"Discussions within this theme included the opportunity for infill and re-use of vacant buildings, the potential to draw development along with the future U.S. Marshals Museum, and capitalize on the existing momentum already underway in the area," Traylor wrote. "Residents suggested rebuilding, refurbishing, revitalizing, and renewal of Downtown and the Riverfront, with denser living, and daily needs accessible within walking distance."

Other priorities included transportation/infrastructure, economy and workforce, destination/identity/tourism and location/development potential.

What potential challenges do we face in realizing the future we want? How will they impact us? How do we prepare for them – or prevent them?

Priorities were more evenly split in the threats category, with the economy and workforce ranking only slightly higher than attitude and perception. A close third was government functionality followed distantly by safety and demographic shifts.

"The economy was the most frequent theme to come out of community discussions about potential threats facing Fort Smith," Traylor wrote. "Many groups came to the consensus that there are not sufficient job opportunities, and that even more jobs may be leaving the area in the future. An inability to retain a skilled and educated workforce was also seen as a direct threat to the economy, with young people leaving Fort Smith. Many priorities expressed within this category are also directly related to current demographic shifts that many also saw as a potential threat; an aging population, loss of youth, and an increase in Hispanic population without an increase in jobs."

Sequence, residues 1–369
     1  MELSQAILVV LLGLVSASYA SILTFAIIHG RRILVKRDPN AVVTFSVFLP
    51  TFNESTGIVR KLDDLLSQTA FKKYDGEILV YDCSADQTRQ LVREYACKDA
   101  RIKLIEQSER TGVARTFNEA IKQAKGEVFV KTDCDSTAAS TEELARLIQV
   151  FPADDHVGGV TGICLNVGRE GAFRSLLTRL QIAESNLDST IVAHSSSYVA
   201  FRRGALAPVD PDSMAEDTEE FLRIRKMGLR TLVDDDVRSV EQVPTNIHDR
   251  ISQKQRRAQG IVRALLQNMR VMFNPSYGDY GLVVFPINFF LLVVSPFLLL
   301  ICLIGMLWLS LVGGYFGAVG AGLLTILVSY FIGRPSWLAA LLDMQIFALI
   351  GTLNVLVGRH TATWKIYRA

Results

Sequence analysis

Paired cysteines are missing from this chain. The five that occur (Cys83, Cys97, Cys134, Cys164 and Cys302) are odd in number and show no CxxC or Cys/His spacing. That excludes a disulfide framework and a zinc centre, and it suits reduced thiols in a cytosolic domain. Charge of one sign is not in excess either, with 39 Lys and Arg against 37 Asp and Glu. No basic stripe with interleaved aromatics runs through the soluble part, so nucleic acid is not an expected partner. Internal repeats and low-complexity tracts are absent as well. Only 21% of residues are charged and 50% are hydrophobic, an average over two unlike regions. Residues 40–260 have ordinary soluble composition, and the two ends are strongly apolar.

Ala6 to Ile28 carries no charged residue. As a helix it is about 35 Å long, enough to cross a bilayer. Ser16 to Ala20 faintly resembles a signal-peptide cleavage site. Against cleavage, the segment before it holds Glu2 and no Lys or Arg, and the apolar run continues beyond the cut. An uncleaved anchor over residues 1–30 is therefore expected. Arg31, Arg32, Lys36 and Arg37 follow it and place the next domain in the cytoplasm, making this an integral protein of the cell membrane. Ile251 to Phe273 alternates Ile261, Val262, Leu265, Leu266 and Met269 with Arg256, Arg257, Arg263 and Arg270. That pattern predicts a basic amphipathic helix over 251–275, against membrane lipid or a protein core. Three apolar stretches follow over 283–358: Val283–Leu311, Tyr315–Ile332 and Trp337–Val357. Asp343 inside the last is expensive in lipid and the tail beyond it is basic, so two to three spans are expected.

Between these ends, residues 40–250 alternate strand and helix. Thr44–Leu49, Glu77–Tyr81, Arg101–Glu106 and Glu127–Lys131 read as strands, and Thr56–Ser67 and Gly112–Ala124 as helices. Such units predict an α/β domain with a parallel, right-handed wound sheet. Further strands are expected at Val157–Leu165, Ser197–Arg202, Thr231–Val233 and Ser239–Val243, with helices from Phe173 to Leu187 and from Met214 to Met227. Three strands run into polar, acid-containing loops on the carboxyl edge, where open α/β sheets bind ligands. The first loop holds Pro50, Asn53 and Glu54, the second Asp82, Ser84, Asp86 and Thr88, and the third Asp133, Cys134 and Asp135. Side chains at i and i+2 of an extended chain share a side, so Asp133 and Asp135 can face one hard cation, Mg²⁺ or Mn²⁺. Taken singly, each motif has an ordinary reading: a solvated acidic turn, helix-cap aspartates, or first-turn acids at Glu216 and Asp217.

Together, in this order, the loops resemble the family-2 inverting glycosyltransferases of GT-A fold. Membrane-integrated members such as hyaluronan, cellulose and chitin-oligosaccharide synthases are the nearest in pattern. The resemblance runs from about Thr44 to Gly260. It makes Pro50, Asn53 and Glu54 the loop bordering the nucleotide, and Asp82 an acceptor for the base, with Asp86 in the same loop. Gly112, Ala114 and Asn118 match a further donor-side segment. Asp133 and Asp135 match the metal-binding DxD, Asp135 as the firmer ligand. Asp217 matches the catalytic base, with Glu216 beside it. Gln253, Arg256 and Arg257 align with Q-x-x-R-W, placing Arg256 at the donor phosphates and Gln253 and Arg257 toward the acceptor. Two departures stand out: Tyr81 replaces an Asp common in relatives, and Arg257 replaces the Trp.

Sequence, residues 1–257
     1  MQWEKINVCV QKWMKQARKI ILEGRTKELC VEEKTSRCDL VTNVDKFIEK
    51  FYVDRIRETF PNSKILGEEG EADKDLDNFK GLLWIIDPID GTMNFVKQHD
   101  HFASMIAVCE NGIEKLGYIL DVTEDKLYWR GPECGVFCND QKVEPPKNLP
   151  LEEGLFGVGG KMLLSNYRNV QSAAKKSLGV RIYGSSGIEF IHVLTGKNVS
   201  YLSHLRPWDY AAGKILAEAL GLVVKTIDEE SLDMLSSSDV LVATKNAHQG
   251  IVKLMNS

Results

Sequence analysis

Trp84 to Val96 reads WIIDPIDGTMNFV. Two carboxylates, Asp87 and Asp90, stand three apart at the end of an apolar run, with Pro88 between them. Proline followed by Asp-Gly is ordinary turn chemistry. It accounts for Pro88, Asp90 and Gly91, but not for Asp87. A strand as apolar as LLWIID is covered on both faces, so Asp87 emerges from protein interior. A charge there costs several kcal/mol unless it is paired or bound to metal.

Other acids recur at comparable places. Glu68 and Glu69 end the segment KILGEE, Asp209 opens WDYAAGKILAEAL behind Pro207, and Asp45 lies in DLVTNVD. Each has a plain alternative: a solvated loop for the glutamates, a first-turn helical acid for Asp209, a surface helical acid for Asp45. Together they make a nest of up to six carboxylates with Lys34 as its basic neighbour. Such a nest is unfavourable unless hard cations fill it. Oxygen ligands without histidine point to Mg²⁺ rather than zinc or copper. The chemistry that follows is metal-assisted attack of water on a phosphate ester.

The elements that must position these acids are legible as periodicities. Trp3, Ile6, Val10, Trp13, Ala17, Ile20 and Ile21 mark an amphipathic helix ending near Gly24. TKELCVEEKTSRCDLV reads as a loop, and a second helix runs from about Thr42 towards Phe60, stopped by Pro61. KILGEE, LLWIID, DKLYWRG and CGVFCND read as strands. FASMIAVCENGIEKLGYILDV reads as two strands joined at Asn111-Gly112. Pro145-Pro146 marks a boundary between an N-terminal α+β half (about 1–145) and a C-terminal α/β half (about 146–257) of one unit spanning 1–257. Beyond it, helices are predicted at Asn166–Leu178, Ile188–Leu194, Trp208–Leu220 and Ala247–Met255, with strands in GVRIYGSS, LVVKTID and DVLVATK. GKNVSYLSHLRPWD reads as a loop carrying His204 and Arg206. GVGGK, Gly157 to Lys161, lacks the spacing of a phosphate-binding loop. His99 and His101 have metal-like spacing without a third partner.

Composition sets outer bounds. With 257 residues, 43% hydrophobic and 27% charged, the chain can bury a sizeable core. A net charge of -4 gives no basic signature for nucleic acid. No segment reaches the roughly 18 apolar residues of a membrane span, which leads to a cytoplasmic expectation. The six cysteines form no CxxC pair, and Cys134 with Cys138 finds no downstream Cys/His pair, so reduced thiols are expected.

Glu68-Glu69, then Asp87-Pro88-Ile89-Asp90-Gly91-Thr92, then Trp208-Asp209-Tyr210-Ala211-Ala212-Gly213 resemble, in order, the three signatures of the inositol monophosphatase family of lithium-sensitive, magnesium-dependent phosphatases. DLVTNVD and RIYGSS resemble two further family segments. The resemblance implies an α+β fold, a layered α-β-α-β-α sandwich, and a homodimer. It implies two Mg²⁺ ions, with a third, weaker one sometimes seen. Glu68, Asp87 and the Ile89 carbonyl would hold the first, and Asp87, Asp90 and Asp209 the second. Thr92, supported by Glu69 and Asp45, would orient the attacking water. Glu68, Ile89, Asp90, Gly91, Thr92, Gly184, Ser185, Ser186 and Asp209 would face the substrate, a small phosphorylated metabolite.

Senior Planner Brenda Andrews said the meeting, which was not originally part of the city's $340,000 consulting contract with WRT, was important to gather the committee to present the findings and "keep the momentum going."

As for how she reacted seeing several priorities appear in all four categories, Andrews said it should not confuse the public or the committee.